Lighting Lee

Lighting Lee

The White League engaged in terrorism by lighting Lee.

lighting lee - lee monument in 1916

Lighting Lee Circle

Photos of Lee Circle at night. The first, set back from the monument, is a John Tibule Mendes shot taken in 1916. The second is from New Orleans Public Service, Incorporated, from 1928. Caption for the 1916 photo (via THNOC):

Poorly-exposed night view of the Lee Monument at Lee Circle in the Central Business District looking along Saint Charles Avenue towards Uptown. Streetcar tracks are visible in the foreground. The Lee Monument honors Confederate General Robert E. Lee and was dedicated on February 22, 1884. John Roy of New Orleans designed the mound and column while Alexander Doyle designed the bronze likeness of Lee that stands atop the column.

Accordingly, New Orleans Railway & Light Company provided the electric power for lighting Lee in 1916.

lighting lee - lee monument in 1928

The second photo shows the monument from a closer perspective.

Why Lee?

The purpose erecting a statue to the traitor Lee was simple: assertion of white supremacy in New Orleans. So, Confederate sympathizers terrorized the population of New Orleans from the start of the Union occupation in 1862. Unionists, mostly Irish and Germans, went to the river levees to greet the Union squadron under the command of Flag-Officer Farragut. Despite their defeat, white men shot and killed them, forcing others to retreat from the levee. Confederates held the Irish and Germans responsible for the loss of the city. During the attack, the Irish and German troops at Fort Jackson mutinied, sealing the city’s fate. Local lost-causers formed the White League, formalizing their opposition to a Union-controlled state government. Therefore, the White League was, for all intents and purposes, a terrorist organization.

So, fast forward to twenty years after the conflict. The White League pressed their control of the city. hey used Carnival organizations and social clubs to bolster the terrorist violence of their militia. The city’s demographics changed radically in the 1880s, with the influx of Sicilians into New Orleans. The Sicilians brought their own criminal element with them. The Mafia challenged the White League’s control. This required a response from the established criminals.

The monument

To emphasize the economic control the White League held, they commissioned a column of “white Georgia marble” to be placed at the center of Tivoli Circle. They topped that column with a statue of the traitor Lee. Sculptor Alexander Doyle crafted that statue. it was dedicated on Washington’s Birthday in 1884. While the outward forms of support for the monument stated it was built to recognize the sacrifices of the Confederacy, its underlying purpose was asserting power.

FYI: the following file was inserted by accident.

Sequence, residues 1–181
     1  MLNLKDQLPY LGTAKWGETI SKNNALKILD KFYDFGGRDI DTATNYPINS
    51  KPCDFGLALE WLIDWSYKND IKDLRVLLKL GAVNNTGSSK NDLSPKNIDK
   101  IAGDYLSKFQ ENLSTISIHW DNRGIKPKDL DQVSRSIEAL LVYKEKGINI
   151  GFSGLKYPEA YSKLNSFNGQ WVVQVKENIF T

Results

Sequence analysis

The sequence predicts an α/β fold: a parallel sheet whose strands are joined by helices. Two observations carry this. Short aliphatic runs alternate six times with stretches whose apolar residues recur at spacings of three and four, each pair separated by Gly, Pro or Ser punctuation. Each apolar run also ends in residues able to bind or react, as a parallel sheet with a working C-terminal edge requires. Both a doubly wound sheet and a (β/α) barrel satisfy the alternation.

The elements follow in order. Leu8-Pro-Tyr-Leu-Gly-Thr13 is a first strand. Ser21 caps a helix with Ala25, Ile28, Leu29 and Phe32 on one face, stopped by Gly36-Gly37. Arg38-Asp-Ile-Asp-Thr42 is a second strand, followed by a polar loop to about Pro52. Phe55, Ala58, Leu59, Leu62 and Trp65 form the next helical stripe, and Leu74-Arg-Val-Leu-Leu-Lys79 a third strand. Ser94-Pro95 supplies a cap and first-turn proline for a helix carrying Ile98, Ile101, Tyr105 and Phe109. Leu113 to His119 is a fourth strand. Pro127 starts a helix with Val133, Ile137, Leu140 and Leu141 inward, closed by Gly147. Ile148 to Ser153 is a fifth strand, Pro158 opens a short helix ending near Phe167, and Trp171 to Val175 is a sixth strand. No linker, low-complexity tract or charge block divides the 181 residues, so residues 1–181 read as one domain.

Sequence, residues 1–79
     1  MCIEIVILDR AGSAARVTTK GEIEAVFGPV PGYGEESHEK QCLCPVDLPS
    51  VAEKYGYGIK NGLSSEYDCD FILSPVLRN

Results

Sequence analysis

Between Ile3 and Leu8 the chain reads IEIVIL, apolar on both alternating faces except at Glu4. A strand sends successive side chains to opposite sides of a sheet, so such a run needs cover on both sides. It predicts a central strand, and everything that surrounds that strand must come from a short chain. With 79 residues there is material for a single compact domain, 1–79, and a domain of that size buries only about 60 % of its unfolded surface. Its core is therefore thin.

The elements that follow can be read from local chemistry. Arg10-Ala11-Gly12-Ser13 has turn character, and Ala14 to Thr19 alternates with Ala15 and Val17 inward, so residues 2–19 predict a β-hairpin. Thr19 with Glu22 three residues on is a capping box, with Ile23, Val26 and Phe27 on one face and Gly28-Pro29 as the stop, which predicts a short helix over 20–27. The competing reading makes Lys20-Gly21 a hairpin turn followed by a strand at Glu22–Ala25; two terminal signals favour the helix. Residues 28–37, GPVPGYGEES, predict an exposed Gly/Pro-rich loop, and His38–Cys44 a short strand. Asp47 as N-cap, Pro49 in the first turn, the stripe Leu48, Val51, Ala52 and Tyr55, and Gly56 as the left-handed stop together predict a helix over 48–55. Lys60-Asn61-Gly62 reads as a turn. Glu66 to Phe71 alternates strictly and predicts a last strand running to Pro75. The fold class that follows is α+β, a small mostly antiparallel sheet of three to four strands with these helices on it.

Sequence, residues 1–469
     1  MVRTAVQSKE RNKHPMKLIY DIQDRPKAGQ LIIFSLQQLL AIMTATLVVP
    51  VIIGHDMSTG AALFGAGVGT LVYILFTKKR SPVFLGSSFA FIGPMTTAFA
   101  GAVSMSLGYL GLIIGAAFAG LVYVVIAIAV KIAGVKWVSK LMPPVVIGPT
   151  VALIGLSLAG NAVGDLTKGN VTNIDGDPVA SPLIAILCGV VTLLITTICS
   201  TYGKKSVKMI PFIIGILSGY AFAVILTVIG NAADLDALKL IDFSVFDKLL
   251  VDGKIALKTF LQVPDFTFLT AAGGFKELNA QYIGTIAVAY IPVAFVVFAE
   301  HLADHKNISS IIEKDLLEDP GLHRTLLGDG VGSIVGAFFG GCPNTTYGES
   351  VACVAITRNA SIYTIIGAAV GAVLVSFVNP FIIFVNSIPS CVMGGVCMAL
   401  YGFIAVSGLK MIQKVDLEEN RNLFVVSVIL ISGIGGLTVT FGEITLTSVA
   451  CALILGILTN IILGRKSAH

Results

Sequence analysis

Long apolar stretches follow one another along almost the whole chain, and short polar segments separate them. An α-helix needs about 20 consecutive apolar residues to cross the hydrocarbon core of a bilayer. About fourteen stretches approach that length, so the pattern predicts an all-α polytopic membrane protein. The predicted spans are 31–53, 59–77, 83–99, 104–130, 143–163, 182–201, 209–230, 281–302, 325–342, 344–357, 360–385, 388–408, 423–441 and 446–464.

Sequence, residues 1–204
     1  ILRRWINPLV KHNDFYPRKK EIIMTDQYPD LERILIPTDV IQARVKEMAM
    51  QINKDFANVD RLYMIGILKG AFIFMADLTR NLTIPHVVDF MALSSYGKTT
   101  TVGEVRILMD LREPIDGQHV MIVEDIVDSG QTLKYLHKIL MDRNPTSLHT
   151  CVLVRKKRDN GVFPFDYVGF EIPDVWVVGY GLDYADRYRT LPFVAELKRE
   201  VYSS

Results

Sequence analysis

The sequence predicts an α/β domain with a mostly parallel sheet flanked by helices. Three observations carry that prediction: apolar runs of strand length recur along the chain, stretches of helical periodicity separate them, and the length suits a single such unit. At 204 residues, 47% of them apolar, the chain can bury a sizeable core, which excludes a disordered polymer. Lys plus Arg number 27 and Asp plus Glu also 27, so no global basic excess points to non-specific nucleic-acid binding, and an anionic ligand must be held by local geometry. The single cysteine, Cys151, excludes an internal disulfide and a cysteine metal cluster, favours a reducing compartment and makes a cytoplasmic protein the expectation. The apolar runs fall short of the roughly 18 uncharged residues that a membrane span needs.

The lights

The White League experimented with illuminating the monument almost immediately. The first attempts involved burning magnesium in the urns around the column. This lit up Lee Circle for miles. Of course, the magnesium burned out and had to be replaced. By the 1910s, urban electrification extended into residential areas of the city. First came the streetcars, in the 1890s, Power lines extended from the streetcar routes. With Lee, it was a matter of someone willing to pay the light bill.

Why bother with lighting? The monument stood at the Western end of the Central Business District. Tourists rarely ventured past Poydras Street. In the early part of the 20th century, most buildings in New Orleans were three or four stories. The monument towered over the neighborhood. Light it up at night, and Lee was visible for miles. That pleased the White League. It communicated to everyone their ownership and control of the city. That made the light bill worth it.

Bay to City – BOSH in the 1860s

Bay to City – BOSH in the 1860s

The Brothers of the Sacred Heart moved into Faubourg Marigny during the Civil War, Bay to City.

bay to city

Bay to City

At the beginning of the Civil War, the Brothers of the Sacred Heart (BOSH) stood at a crossroads. The Institute operated St. Stanislaus College in Bay St. Louis, Mississippi, since 1854. With secession of Louisiana and Mississippi, the Union Navy blockaded the Western Gulf Coast, anticipating an invasion of New Orleans. The Brothers closed St. Stanislaus to boarders.

To fully appreciate this move, consider a trip from the city to the bay. We’re not talking about an hour’s drive. In 1861, you’d load up a coach or wagon with your boy(s) and their luggage, and head about 100 miles east. That was a eight hour ride. With Farragut’s ships and gunboats, along with Butler’s 30,000 troops on Ship Island, safety was a serious concern. While families understood the concerns, they didn’t want to just give up on a BOSH education for their boys.

To the City

bay to city

Brother Athanasius Faugier, S.C.

So, the BOSH contacted the Archbishop of New Orleans, Jean-Marie Odin, about setting up a presence in the city. Odin agreed, and connected Brother Athanasius Faugier, S.C, of St. Stanislaus, with Father Anthony Durier, pastor of Annunciation Parish in Faubourg Marigny. Fr. Durier helped the Brothers set up shop in the Marigny. This made a lot of sense. Brothers from France worked with a French archbishop to open a school in a very-French neighborhood. Fr. Durier loaned a house to the BOSH. They renovated that house to accommodate twenty-five boarders. They then rented a house on Union Street (now Touro Street) and opened the school. The school was about six blocks away from the boarding house. The 1883 Robinson Atlas segment above shows Annunciation Church in block 492.